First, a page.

Contemporary design details include the bicycle chain chandelier, created by Tyson Lighting to reflect the BMX track in the park beyond the front door, and Tom Dixon wing-back chairs in mauve and grey.

Stud Room bar at Oddfellows on the Park
Stud Room bar at Oddfellows on the Park

Stud Room bar The bar, located to the left of the entrance hall, is named due to the fact that the building was once home to an equestrian stud farm. The leather-fronted, granite-top bar was designed by SpaceInvader, with quirky touches provided by the vintage safe used as a table base and prints depicting farm animals dressed up in Victorian garb supplied by JFA, a Cheshire-based company specialising in sourcing individual artwork for the hospitality industry.

Thistle mouldings on the ceiling reflect the Scottish heritage of Janet Andrews, the Ayrshire-born wife of John Douglas, the stuff merchant from Bradford who was the first occupant of the house in the 1860s. The hexagonal moulding is echoed in the shelving behind the bar.

Wallpaper featured here from Muraspec and Tektura reappears throughout the hotel, as does the hard-wearing, wood-inspired flooring from Karndean. The white mouldings stand out against the ceiling colour of Farrow & Ball matt emulsion in Light Grey No 17.

The Galloping Major restaurant at Oddfellows on the Park
The Galloping Major restaurant at Oddfellows on the Park
The ceiling in the Galloping Major restaurant at Oddfellows on the Park
The ceiling in the Galloping Major restaurant at Oddfellows on the Park

Galloping Major restaurant The most impressive room in Oddfellows is the Galloping Major restaurant, named after the nickname of the major who was the second owner of the hall when it was run as an equestrian stud. It was originally used as a ballroom, but today the Victorian ceiling has been restored and painted in Farrow & Ball matt emulsion in Chappell Green No 83, with the mouldings highlighted in white. The fireplace and over-mantle are originals with the addition of new tiles, and the chairs and tables have been sourced from the Tag furniture company.

Slater was keen to bring some of the drama provided by the chefs into the restaurant without having a fully open kitchen - hence the addition of a narrow hatch. Head chef Ian Moss, who joined Oddfellows from Northcote Group and Ribble Valley Inns, has put together a menu described by Slater as "unpretentious". The Á la carte, costing £39.50 for two courses and £47.50 for three, offers typical choices of venison carpaccio, pickled mushroom, mushroom purée and crispy shallots; pork belly, Scottish langoustines, peas and broad beans; and salted caramel parfait, granola and honey. Prices at lunch drop to £29.50 or £34.50 for two and three courses respectively.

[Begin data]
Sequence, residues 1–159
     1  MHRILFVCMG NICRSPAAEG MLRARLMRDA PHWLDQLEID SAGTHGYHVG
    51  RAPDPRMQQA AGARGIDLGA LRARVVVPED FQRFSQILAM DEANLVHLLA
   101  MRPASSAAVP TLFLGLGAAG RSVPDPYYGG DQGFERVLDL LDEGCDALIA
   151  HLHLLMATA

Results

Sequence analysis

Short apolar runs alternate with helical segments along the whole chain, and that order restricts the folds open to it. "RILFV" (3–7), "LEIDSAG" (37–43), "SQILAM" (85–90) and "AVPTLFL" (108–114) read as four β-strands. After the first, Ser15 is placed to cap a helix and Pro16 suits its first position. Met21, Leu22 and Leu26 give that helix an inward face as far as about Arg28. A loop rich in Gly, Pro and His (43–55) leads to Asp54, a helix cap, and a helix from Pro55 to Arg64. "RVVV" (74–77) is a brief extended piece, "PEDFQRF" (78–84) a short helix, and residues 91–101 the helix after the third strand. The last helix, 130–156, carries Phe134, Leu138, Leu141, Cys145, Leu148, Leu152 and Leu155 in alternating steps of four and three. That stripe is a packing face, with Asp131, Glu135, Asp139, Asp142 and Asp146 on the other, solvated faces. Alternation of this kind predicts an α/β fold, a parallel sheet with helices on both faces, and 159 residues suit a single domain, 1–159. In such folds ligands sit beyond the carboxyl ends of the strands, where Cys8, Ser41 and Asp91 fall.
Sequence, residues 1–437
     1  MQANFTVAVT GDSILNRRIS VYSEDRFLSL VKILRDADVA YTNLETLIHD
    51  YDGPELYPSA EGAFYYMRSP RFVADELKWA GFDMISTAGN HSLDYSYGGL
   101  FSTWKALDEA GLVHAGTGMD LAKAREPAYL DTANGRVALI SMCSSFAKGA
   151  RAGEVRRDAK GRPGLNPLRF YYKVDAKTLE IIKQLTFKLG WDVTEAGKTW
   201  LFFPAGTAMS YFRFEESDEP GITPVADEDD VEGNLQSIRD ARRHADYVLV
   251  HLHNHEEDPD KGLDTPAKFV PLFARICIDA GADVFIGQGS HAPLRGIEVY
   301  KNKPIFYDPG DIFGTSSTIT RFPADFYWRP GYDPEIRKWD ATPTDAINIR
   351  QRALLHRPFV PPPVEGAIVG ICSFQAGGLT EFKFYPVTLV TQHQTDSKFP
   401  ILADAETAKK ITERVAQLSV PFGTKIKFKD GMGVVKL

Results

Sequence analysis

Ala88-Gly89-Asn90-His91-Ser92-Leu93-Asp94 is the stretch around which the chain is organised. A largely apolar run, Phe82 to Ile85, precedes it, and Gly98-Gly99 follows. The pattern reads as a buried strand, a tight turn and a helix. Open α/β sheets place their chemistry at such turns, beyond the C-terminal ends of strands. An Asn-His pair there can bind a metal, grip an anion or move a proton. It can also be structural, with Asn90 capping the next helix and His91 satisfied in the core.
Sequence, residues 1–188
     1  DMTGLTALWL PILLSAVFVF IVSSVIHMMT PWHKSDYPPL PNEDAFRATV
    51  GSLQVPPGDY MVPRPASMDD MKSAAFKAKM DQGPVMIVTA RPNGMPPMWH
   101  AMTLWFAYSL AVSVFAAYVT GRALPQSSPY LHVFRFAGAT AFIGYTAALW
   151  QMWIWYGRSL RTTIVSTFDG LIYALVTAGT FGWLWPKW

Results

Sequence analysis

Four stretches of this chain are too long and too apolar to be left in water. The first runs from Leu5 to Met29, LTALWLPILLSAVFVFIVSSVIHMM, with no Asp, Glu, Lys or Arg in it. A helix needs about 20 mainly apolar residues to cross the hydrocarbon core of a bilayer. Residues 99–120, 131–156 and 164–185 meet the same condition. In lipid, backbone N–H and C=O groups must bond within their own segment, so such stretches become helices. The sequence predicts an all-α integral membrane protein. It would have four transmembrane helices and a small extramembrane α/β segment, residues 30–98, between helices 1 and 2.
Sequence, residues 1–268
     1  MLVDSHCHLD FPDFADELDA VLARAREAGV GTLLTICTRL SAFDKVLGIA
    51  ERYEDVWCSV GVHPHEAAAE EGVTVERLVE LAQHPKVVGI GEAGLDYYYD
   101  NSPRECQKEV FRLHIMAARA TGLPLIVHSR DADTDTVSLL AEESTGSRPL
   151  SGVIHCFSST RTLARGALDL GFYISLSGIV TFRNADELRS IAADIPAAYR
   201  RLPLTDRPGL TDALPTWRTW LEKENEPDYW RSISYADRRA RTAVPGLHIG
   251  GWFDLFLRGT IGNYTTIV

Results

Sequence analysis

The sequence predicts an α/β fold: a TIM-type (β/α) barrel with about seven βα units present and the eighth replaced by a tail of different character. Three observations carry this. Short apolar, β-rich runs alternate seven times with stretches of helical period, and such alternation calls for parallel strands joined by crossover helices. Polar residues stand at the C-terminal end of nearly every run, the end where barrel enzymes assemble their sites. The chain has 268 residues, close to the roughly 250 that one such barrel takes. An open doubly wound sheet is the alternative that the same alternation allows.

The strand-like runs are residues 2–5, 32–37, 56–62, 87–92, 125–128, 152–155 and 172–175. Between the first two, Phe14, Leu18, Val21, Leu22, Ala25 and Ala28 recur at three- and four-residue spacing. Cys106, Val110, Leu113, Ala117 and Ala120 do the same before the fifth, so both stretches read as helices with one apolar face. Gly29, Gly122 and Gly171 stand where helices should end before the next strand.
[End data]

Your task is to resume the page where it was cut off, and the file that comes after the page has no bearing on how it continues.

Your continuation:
The Pigsty salon de beaute at Oddfellows on the Park
The Pigsty salon de beaute at Oddfellows on the Park

The Pigsty salon de beaute The spa is so-named because the building in which it sits resembled a pigsty when Slater and his team took over. While the space has been transformed to create somewhere to relax and enjoy being pampered in one of two treatment rooms or the Rasul mud room, the name lends itself to a host of witty marketing opportunities, with the Pigsty described as the place to go for a "a polish of your trotters".

The farmyard is reflected in the 'barrel' reception desk designed by SpaceInvader and constructed by Andy Thornton Contracts, and the lampshades created from metal buckets, supplied by Tyson Lighting.

A Playground suite at Oddfellows on the Park
A Playground suite at Oddfellows on the Park

The bedrooms The rooms range in size from the Park Rooms at £155 up to the two-storey Bridal Suite at £450, and all feature Hypnos Beds, linens from the White Company, Nespresso coffee machines and Roberts radios.

In the case of the Playgound suites, a contemporary take on the four-poster bed has been designed by SpaceInvader and constructed by Andy Thornton Contracts. The lack of drapes on the bed and at the windows ensures that guests enjoy maximum light and a view of the park. Plain fabrics have been used on the chairs from Tag and the Skopos cushions and throws to provide a feeling of space, but some pattern is introduced via the rugs and carpets from Newhey Carpets. Guests are reminded of the hotel's location in Bruntwood Park by a row of wall-mounted animal heads.

Oddfellows on the Park
Oddfellows on the Park

Contact and detailsOddfellows on the Park
Bruntwood Park, Cheadle, Greater Manchester SK8 1HX
Tel 0161 697 3066

Operator Oddfellows Management Company, owned by Jonathan Slater

General manager Paul Cookson

Head chef Ian Moss

Bedrooms 22

Opened April 2017

Rates £155-£450

Staff 50-plus


Tim Groom

Interior designer

Window blinds
Silent Gliss





Wing-back chairs
Tom Dixon

Reception desks and old safe
Andy Thornton


Tyson Lighting


The White Company

Carpets and rugs